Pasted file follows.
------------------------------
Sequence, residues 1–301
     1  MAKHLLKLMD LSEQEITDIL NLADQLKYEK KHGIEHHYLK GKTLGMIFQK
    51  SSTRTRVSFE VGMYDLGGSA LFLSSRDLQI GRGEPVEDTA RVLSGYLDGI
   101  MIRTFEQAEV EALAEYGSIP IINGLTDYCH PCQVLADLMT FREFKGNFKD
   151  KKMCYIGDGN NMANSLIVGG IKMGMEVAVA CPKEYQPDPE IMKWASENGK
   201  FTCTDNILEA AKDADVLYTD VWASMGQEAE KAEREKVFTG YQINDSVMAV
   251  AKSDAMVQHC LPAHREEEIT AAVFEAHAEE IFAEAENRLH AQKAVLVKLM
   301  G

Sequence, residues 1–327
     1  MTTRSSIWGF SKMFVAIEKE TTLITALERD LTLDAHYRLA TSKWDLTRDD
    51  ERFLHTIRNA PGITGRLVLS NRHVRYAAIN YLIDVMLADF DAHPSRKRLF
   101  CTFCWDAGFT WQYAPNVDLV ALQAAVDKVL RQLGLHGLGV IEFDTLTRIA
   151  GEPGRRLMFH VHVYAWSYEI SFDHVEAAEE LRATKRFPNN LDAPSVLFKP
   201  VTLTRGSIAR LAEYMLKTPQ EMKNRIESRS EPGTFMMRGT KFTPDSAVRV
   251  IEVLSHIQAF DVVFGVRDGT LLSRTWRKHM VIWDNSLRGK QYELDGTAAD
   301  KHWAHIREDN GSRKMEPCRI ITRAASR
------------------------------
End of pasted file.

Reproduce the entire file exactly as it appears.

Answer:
Sequence, residues 1–301
     1  MAKHLLKLMD LSEQEITDIL NLADQLKYEK KHGIEHHYLK GKTLGMIFQK
    51  SSTRTRVSFE VGMYDLGGSA LFLSSRDLQI GRGEPVEDTA RVLSGYLDGI
   101  MIRTFEQAEV EALAEYGSIP IINGLTDYCH PCQVLADLMT FREFKGNFKD
   151  KKMCYIGDGN NMANSLIVGG IKMGMEVAVA CPKEYQPDPE IMKWASENGK
   201  FTCTDNILEA AKDADVLYTD VWASMGQEAE KAEREKVFTG YQINDSVMAV
   251  AKSDAMVQHC LPAHREEEIT AAVFEAHAEE IFAEAENRLH AQKAVLVKLM
   301  G

Sequence, residues 1–327
     1  MTTRSSIWGF SKMFVAIEKE TTLITALERD LTLDAHYRLA TSKWDLTRDD
    51  ERFLHTIRNA PGITGRLVLS NRHVRYAAIN YLIDVMLADF DAHPSRKRLF
   101  CTFCWDAGFT WQYAPNVDLV ALQAAVDKVL RQLGLHGLGV IEFDTLTRIA
   151  GEPGRRLMFH VHVYAWSYEI SFDHVEAAEE LRATKRFPNN LDAPSVLFKP
   201  VTLTRGSIAR LAEYMLKTPQ EMKNRIESRS EPGTFMMRGT KFTPDSAVRV
   251  IEVLSHIQAF DVVFGVRDGT LLSRTWRKHM VIWDNSLRGK QYELDGTAAD
   301  KHWAHIREDN GSRKMEPCRI ITRAASR